Book Image

DevOps Paradox

By : Viktor Farcic
Book Image

DevOps Paradox

By: Viktor Farcic

Overview of this book

DevOps promises to break down silos, uniting organizations to deliver high quality output in a cross-functional way. In reality it often results in confusion and new silos: pockets of DevOps practitioners fight the status quo, senior decision-makers demand DevOps paint jobs without committing to true change. Even a clear definition of what DevOps is remains elusive. In DevOps Paradox, top DevOps consultants, industry leaders, and founders reveal their own approaches to all aspects of DevOps implementation and operation. Surround yourself with expert DevOps advisors. Viktor Farcic draws on experts from across the industry to discuss how to introduce DevOps to chaotic organizations, align incentives between teams, and make use of the latest tools and techniques. With each expert offering their own opinions on what DevOps is and how to make it work, you will be able to form your own informed view of the importance and value of DevOps as we enter a new decade. If you want to see how real DevOps experts address the challenges and resolve the paradoxes, this book is for you.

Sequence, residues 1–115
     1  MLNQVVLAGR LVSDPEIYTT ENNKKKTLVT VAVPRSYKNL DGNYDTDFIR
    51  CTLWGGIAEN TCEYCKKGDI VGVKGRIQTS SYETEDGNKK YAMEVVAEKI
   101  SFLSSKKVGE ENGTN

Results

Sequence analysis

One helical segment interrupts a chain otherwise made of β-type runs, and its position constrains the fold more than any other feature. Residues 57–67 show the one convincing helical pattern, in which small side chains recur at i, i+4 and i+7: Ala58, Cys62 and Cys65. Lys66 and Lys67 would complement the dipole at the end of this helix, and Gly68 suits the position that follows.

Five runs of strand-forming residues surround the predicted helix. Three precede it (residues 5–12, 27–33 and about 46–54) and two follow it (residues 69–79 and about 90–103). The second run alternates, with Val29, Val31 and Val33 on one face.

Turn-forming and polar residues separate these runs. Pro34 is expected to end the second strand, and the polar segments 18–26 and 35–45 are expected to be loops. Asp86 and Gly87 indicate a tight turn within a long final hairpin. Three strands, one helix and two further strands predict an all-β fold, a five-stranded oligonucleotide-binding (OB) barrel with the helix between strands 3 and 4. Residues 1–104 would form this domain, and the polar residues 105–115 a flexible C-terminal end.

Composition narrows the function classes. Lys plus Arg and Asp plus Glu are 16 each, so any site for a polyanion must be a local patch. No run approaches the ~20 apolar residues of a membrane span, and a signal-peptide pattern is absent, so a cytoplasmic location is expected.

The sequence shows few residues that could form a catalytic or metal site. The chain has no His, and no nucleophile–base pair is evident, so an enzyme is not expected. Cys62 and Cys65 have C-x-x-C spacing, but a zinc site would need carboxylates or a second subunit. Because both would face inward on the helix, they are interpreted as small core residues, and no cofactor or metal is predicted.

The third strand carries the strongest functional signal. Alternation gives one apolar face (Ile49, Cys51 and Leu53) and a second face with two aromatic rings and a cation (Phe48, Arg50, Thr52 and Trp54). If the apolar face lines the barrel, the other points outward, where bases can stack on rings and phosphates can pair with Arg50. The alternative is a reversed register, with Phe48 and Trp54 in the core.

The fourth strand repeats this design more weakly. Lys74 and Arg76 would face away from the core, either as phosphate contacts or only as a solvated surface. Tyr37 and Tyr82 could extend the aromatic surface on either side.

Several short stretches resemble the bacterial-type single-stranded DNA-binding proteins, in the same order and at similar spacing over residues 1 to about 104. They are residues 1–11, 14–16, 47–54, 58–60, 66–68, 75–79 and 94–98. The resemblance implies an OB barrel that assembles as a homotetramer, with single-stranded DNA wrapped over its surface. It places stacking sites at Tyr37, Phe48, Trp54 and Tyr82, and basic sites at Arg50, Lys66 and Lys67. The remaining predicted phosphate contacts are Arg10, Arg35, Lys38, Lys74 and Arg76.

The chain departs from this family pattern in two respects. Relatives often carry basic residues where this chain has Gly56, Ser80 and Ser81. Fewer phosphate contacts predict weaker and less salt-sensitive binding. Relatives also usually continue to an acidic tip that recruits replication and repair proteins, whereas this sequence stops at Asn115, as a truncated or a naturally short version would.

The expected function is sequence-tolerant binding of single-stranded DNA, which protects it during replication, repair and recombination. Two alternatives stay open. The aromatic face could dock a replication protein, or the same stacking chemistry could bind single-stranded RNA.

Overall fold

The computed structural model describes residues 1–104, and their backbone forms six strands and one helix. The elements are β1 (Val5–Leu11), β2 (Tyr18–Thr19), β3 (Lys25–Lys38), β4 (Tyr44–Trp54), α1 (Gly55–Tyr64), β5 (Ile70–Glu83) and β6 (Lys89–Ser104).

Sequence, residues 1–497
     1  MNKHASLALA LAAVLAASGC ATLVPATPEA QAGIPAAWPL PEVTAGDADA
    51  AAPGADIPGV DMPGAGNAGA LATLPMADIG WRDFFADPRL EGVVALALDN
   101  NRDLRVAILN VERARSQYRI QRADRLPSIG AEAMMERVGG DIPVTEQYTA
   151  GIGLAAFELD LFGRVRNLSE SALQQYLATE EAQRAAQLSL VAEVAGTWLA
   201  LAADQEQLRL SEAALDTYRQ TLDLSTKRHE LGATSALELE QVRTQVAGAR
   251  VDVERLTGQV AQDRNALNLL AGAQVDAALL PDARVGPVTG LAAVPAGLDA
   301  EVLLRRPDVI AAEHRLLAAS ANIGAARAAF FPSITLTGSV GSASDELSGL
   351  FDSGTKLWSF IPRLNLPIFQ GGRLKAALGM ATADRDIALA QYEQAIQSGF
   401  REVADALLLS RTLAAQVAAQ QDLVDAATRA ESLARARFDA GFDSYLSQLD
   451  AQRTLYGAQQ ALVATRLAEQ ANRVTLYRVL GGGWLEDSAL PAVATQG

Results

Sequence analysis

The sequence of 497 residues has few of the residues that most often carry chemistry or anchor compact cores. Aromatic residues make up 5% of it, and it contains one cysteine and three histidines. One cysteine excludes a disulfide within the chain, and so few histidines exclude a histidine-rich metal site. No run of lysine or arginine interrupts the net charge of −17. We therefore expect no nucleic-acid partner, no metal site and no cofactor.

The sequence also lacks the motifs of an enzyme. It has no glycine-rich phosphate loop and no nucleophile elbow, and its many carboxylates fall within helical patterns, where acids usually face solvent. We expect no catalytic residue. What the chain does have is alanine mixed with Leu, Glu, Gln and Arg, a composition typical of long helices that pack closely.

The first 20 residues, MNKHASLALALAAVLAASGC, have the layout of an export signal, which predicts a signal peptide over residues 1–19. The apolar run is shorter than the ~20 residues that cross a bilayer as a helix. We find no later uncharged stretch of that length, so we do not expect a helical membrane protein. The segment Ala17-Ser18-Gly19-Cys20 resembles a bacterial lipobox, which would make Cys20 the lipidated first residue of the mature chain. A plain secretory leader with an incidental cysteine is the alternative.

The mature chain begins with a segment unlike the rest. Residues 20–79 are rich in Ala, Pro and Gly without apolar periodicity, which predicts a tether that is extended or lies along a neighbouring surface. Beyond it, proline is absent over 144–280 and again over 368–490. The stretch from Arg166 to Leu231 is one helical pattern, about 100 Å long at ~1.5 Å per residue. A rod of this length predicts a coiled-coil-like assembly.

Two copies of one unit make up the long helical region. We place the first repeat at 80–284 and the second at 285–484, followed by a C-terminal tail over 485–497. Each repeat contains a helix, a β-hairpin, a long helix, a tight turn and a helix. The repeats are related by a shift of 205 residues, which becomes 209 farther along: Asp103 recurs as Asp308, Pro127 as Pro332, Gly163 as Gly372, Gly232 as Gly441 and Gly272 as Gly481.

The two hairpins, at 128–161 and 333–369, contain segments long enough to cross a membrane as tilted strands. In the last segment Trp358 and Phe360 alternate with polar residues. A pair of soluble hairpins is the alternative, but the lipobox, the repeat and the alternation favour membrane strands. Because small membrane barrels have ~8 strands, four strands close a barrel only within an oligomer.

Table of Contents (21 chapters)

The heart of DevOps is democratizing the work

Kevin Behr: While those DevOps patterns are vital to DevOps, what I really believe to be the heart of DevOps, and what I think we've lost touch with today, is what, in the 1940s and 1950s, was a movement and a discipline called STS, or socio-technical systems.

Social-technical systems started with some sociologists, and it was one of the big-funded projects immediately post World War II. I do actually give a talk about STS, called DevOps and Its Roots in Coal Mining. It's kind of a joke, but one of the big things that they had to do after World War II was figure out how to make more coal to help power the war recovery. There was a conflict because all the coal companies wanted to keep the price of coal high, while the British government wanted lower coal prices so that coal and oil could power post-war reconstruction. It was in the national interest to get as much out of the mines as possible.

To help achieve this, the British government...